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Who Wouldn’t Want To Climb Up The Tech Ladder Treehouse-style?

I just landed a dream job in a cubicle! Wait, wait, wait – before you click away and I ruin my credibility as a sane, trustworthy writer, you should know that this opening is only a hook. I haven’t taken a new position, and, of course, cubicle dream jobs don’t exist. No one grows up aspiring to work in a cubicle. A tree house on the other hand…

 

 

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For the unfamiliar, Treehouse is an online platform for learning how to design and develop websites, write code, and even start a business. Students can learn how to build mobile apps, web apps, code in several languages and much more. The guiding ethos of the company is to make technology education affordable to everyone. Monthly subscriptions run on a simple two-tiered payment platform of either $25 or $49 per month. OK, this isn’t quite the same as learning how to survive in the woods, but there is still a fair amount of childlike magic about the outfit.

 

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For starters, there’s the mission: “…to help others achieve their dreams and change the world.” Then there’s the disruptive spirit of the training itself – using games, interactive quizzes, and code challenges to put the fun back in learning. Of course, figuring out how to do things outside of the traditional pathways has its own charm. Different tracks, or curriculums, teach students new skills or how to prepare for specific roles – empowering them to pursue their own projects or land desirable jobs.

 

The structure of the company appeals to the young at heart as well. Their workweek is four-days long and there are no managers. I repeat: the company operates on a 4-day workweek and there are no managers. Co-founders Ryan Carson and Alan Johnson did away with traditional bosses, and they entrusted their employees to figure out how to best use their talents to help Treehouse succeed.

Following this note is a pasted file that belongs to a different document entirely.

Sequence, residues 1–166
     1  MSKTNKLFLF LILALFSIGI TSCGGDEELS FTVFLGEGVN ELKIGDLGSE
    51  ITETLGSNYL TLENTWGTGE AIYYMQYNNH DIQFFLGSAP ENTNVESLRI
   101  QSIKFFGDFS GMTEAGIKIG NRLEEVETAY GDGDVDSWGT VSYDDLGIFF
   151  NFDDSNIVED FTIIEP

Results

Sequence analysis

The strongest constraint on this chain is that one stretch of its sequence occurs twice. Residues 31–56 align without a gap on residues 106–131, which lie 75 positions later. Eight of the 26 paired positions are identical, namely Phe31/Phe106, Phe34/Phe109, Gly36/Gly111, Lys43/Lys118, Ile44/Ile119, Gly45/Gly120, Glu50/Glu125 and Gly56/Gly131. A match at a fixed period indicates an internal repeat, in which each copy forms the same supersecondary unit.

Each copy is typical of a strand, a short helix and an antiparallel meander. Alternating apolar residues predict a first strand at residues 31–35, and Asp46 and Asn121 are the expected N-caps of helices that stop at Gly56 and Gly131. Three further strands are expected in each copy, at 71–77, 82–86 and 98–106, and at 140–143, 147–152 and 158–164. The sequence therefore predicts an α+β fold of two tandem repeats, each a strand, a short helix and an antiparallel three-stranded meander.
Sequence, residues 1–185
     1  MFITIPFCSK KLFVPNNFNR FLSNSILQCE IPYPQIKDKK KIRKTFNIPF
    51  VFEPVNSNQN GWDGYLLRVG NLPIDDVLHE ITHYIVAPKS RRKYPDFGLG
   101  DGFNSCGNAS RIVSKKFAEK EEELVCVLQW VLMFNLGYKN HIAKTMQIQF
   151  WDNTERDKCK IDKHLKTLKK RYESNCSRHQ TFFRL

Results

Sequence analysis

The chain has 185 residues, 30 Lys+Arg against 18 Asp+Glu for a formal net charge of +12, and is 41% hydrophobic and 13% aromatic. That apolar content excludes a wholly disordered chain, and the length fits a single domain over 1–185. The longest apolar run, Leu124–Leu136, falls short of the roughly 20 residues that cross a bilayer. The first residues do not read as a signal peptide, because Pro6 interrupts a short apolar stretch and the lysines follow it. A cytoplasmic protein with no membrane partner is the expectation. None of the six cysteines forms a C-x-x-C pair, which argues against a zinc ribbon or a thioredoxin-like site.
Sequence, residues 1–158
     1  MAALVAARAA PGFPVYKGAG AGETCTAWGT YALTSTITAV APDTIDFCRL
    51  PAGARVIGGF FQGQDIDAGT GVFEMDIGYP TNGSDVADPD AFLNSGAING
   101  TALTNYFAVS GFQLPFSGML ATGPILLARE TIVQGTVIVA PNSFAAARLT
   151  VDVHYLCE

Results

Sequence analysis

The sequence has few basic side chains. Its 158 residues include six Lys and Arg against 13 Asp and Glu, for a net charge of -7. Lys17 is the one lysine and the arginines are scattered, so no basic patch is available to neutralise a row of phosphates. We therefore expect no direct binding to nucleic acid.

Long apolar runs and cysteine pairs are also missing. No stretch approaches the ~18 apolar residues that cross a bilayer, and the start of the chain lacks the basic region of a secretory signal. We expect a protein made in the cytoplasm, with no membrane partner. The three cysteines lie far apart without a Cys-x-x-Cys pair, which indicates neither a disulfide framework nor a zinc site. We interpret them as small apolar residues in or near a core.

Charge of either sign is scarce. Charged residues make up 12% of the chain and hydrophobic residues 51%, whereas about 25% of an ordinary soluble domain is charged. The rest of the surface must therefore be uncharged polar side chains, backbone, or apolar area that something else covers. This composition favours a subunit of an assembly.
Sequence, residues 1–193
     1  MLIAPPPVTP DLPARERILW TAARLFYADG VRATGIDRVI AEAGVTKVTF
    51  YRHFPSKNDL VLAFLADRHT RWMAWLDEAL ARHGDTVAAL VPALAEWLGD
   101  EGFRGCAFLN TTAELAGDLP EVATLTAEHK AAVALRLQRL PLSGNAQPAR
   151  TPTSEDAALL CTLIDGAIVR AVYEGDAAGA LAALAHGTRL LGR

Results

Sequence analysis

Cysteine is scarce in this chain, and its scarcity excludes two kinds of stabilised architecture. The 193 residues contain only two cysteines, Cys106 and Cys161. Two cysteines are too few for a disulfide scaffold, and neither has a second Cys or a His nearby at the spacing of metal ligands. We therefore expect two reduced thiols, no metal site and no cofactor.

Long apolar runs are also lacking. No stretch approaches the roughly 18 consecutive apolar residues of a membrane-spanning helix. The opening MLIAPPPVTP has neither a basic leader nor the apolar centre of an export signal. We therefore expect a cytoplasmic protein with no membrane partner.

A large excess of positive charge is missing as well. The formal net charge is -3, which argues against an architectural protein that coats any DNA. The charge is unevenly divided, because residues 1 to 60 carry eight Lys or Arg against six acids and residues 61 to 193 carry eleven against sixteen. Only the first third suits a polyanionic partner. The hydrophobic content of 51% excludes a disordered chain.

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Before you’re tempted to click away while scratching your head for a second time, consider that the quirky spirit at work behind Treehouse has produced some very grown-up results. They completed a $7 million second round of funding in 2013 and now have over 50,000 active students using the platform. Companies such as LivingSocial now look to the site for new recruits based on their Treehouse performance, and the platform (including a weekly news program, forums, and a book series in addition to video tutorials) serves as a resource for clients such as Twitter, Disney, AirBnB, Zappos and more.

 

It would be tough trying to live like the Swiss Family Robinson in the modern world, but I find it delightful that some still believe we should find our way living in a world of wonder and tree houses.

 

Photo Credits

Treehouse | Christian Haugen | Daryl Mitchell

Author : Keith Liles

Keith Liles is a freelance writer who loves travel, music, wine, hiking, poetry, and just about everything. He practices saying "yes" to life vigorously, rehearsing for the phone call when he's asked to tour with Bruce Springsteen and the E Street Band. Follow Keith on Twitter @KPLiles.

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